As far as the POV question goes, Hansen-Løve addresses it head on in the press kit interview. “I’m not Indian,” she says. “There is obviously going to be some distance, which I did not want to lose.” I can accept that answer, though obviously your milage may vary. The other points: they’re all kind of true, but if we’re being honest I wasn’t too bothered by them, simply because I found Maya so exciting to watch. You could argue that the film’s opacity is true to its protagonist, who exploits a whole country and some people to get his mojo back, then moves to the next destination, but I’m not entirely sure the film should be required to pass some kind of concrete judgment on its character. In any case, I’m happy, on first pass, to be an outlier on a movie I found exciting and surprising.

Gear-switch: I am not, by and large, much for schadenfreude-fueled viewing. I have seen, and continue to be assigned on a freelance basis, more than enough garbage for review purposes that I do not actively seek out low-quality work for kicks; still, when I learned a few weeks ago that a film version of James Frey’s infamous “memoir” A Million Little Pieces was somehow a movie in the year of our lord 2018, I knew I had to set aside some time to resolve my morbid curiosity. My main purpose in going to see Sam Taylor-Johnson’s adaptation was to answer a perplexing question: why does this movie exist now? Cinema is not exactly short on depictions of alcoholics, and there’s always room for one more. What was so compelling about Frey’s story that it had to serve as the starting point?

I’ve been talking with people about this all week and was surprised how many people forgot about the whole Frey situation (or never knew about it in the first place), so, to recap: Frey’s 2003 book was the saga of his alcoholism and rehab, written in blatantly Hemingway-aspirational prose. There were no indentations or quote marks for dialogue, a lot of words were Randomly Capitalized, in the fashion so dear to the current US president; it was clearly, on some level, macho nonsense, which I knew even as a high schooler. Still, I read and even enjoyed it–enough to read Frey’s follow-up My Friend Leonard, enough to see him do a Q&A. Give that I was all of 17 at the time, I’m not inclined to judge myself too harshly for falling for the act. It subsequently emerged that Frey had made a bunch of stuff up, not least of all a whole fabricated relationship with Lilly, a fellow addict who allegedly committed suicide. Frey had to apologize to Oprah and do an apology tour of sorts. He then attempted to reinvent himself as a Serious Novelist, which didn’t take, so then he started a sweatshop of sorts, where he grievously underpaid a bunch of young writers for their labors in banging out potential YA franchises; one of them, I Am Number Four, actually took off.

In retrospect, I’m not that annoyed by Frey’s fraudulence; really, he just read the publishing room correctly, then took people for all they were worth, and who doesn’t like a good grifter? I do, however, highly object to his exploitation of young struggling writers (seriously, read about it). All that aside, I still couldn’t understand why this movie exists. The only way I could imagine it working is going full Charlie Kaufman, baking in the gap between truth and reality in some kind of framing device, but that’s not what happens here. Gallingly, there is an opening quote from Mark Twain that acknowledges the issue (“I’ve lived through some terrible things in my life, some of which actually happened”) and does absolutely nothing with it. The film sticks to Frey’s story (the credits punt on labeling it a “novel,” settling for the more generic “book”), fraudulent suicide and all. If I had to guess why Taylor-Johnson was attracted to the book, my most sympathetic read would be that the relationship between Frey (Aaron Taylor-Johnson) and Lilly (Odessa Young) recapitulates 50 Shades of Grey‘s masochistic dynamics, with two people getting involved in a sticky romantic situation that allows for plenty of opportunities to mess with each other’s heads. But I don’t actually believe any of that: the story director and star (both screenwriters on this) tell is that they liked the book’s energy, and that’s basically that.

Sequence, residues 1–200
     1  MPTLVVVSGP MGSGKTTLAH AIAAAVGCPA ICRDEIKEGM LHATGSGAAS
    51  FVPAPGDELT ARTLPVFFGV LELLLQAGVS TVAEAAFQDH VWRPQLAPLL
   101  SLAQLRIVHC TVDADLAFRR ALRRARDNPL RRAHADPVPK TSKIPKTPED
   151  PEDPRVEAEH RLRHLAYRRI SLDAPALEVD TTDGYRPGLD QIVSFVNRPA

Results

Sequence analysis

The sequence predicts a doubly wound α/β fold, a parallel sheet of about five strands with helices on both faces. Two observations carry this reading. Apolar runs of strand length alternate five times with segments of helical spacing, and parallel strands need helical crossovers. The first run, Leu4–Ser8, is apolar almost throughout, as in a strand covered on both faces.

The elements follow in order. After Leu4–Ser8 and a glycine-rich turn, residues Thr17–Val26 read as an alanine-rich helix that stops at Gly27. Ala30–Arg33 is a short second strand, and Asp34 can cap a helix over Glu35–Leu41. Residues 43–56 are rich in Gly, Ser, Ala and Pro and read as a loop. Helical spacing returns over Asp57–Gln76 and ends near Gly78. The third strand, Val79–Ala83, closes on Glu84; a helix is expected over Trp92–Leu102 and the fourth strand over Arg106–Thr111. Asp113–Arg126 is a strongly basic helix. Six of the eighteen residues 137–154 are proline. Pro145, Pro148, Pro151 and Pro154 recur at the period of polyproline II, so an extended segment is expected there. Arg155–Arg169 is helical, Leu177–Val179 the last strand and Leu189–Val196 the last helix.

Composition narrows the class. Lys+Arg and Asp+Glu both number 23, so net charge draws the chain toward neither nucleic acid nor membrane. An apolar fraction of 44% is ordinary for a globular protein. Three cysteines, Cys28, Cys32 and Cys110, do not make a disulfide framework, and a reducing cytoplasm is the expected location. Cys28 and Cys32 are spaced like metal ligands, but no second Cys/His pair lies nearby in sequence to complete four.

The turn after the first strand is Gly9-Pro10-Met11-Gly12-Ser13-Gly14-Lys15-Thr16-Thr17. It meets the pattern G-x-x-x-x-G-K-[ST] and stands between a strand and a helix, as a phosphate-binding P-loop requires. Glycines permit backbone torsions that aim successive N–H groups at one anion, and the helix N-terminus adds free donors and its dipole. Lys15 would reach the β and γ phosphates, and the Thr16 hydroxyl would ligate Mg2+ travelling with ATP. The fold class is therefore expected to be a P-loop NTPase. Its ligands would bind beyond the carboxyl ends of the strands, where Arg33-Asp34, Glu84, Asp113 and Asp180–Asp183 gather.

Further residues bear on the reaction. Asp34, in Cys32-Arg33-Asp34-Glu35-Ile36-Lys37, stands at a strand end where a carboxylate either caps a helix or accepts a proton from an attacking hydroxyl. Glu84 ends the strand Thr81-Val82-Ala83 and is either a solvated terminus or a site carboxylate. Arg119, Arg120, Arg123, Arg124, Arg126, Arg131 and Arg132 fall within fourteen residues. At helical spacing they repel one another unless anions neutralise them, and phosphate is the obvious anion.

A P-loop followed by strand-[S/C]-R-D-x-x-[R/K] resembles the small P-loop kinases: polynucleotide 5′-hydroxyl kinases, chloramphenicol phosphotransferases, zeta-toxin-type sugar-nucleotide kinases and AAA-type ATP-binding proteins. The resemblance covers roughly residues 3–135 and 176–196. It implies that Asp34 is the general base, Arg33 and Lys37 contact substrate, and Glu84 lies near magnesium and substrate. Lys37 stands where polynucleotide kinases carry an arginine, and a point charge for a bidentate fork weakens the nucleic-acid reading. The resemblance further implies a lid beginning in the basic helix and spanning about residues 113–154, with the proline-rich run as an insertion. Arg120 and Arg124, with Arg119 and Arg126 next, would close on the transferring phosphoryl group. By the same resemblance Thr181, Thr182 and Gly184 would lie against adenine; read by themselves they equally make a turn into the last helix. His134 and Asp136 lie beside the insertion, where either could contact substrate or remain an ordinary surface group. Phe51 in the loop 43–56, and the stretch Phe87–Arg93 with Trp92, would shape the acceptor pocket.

On its own terms, the film isn’t great: there is e.g. a scene where Frey and a fellow rehab inmate commiserate while, no joke, someone plays “Everybody Hurts” on a piano in the next room. The film looks okay, and Taylor-Johnson throws in some dream imagery every now and then to keep it lively. What I’d forgotten about how the book works–what makes it different, and why you couldn’t make a generic version of it that didn’t involve optioning the rights–was a) the Lilly factor b) the major throughline being Frey’s aversion to fully embracing AA’s process. It was Frey’s proud narrative that he kicked drinking on his own terms, taking and leaving the steps as suited him; he had the strength and stubbornness to do it all himself, all he really needed (like any red-blooded American boy) was the love, however brief, of a good woman to keep him motivated. That’s why leaving Frey’s fraud out of the film was a mistake: the belligerence (real or constructed) he displayed in rehab was part and parcel of his persona as a writer. In interviews, he played that up. “I like pit bulls,” he said. “And N.W.A. And I love boxing. I think boxing is beautiful. The purity of fighting is a beautiful thing. […] I can write big fat books. But I’m not an effete little guy.” His stubbornness too was a part of his literary genius, which was going to save us all from a future ruled by Dave Eggers, or something. Pieces the film doesn’t downplay Frey’s anger, but there’s nothing in there about him as a writer: at the end of the day, he’s a mediocre dude with a spectacular addiction, a hollowed-out vessel of rage. Making zero attempt to translate the hyper-steroidal tone of Frey’s prose, Pieces ends up diluted, yet another trip to rehab and redemption, with some encouraging words from a therapist on the way; it will not remind anyone why this weird saga unfolded in the first place. Seeing the book’s final scene on-screen–Frey walking into a bar, ordering a pint glass of whiskey, picking up and smelling it, then walking away because he’s Strong–was an acid flashback to 15 years ago I never expected to be dealing with at this late date. Let us now not speak of it anymore.